On Tuesday, Wall Street's major indexes finished in positive territory, reversing recent losses as traders assessed Fed Chairman Jerome Powell's statements.
The Nasdaq rose for the second trading day in a row, closing 1.4% higher at 15,153.45, while the Dow gained 180 points. The S&P 500 recovered from losses earlier to finish in the green.
In the confirmation hearing before Congress on Tuesday, Fed Chair Jerome Powell said that if the rate of price rises does not reduce, the central bank will increase short-term costs of borrowings more aggressively.
"If we anticipate inflation lingering at elevated levels for a longer period than projected amd we need to increase interest rates more, we will," Powell declared during testimony.
According to ProShares global investment analyst Simeon Hyman, investors are betting that inflation would fall to levels low enough that it will not significantly impact equities. However, the Federal Reserve's operations must be divided into two parts.
He said that before discussing rate rises, it is necessary to discuss tapering and the latest events — a quicker unwinding of the balance sheet. This might cause long-term rates to climb irrespective of whether inflation falls and how quickly the Federal Reserve raises rates.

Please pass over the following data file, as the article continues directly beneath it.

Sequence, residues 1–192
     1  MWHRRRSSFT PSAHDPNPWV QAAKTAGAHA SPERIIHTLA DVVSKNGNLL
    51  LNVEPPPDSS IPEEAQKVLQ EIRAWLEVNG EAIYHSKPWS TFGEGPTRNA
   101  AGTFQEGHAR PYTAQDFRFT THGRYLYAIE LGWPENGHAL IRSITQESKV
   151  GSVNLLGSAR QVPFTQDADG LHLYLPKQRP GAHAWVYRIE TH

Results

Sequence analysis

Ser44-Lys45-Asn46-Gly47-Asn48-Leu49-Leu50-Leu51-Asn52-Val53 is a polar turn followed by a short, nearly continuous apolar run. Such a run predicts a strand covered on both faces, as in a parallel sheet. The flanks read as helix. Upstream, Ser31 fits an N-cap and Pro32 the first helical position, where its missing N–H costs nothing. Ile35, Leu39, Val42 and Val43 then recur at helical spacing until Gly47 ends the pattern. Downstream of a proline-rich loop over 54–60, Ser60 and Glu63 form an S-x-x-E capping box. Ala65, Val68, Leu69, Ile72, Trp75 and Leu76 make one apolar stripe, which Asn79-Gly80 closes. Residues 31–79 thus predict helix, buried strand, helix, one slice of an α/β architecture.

"Therefore, such steps may imply that there aren't as many rate rises needed," Hyman noted.
The Federal Reserve's monetary policy will be in focus this week, with the new CPI report from the Bureau of Labor Statistics (BLS) in the center as investors trying to analyze inflationary pressures and the Fed's probable reaction.
Another increase in the current rate is forecast, with analysts expecting a print of 7.1% in December based on Bloomberg statistics, higher than November's 6.8% annualized rate.
Concerns about interest rate rise happening earlier than planned have dampened investors' excitement ahead of the coming year, leaving the stock market at a lower risk so far in 2022. At the same time, Treasury rates have risen, with the benchmark 10-year yield hovering around 1.8%, the highest point since January 2020.
"We're witnessing a general rethinking of what the Fed will do," explained Steven Wieting, global head investment strategist at Citi Private.
"The possibility of the Fed succeeding in lowering inflation is extremely evident," Wieting added. "It was bound to take place one way or another, and we're just trying to figure out how aggressively the central bank would do it."
Federal Reserve watchers, including Goldman Sachs, Evercore ISI, and Deutsche Bank, are now tracking the Fed's rate rise pace. Companies anticipate a 100 basis point hike in short-term interest rates by the end of this year.
"We are revisiting our Fed forecast one more time given falling unemployment, high wage levels, and the expectation of one more scorching inflation report," Evercore ISI's Krishna Guha stated.
JPMorgan Chief Executive Officer Jamie Dimon told CNBC on Monday that he hopes for a "soft landing" from the Fed as it prepares to start increasing its benchmark fed funds rate in March.
"It will be a bit like threading a needle," Dimon added, warning that inflation might be higher than the Federal Reserve anticipates and rate might be raised more than expected.
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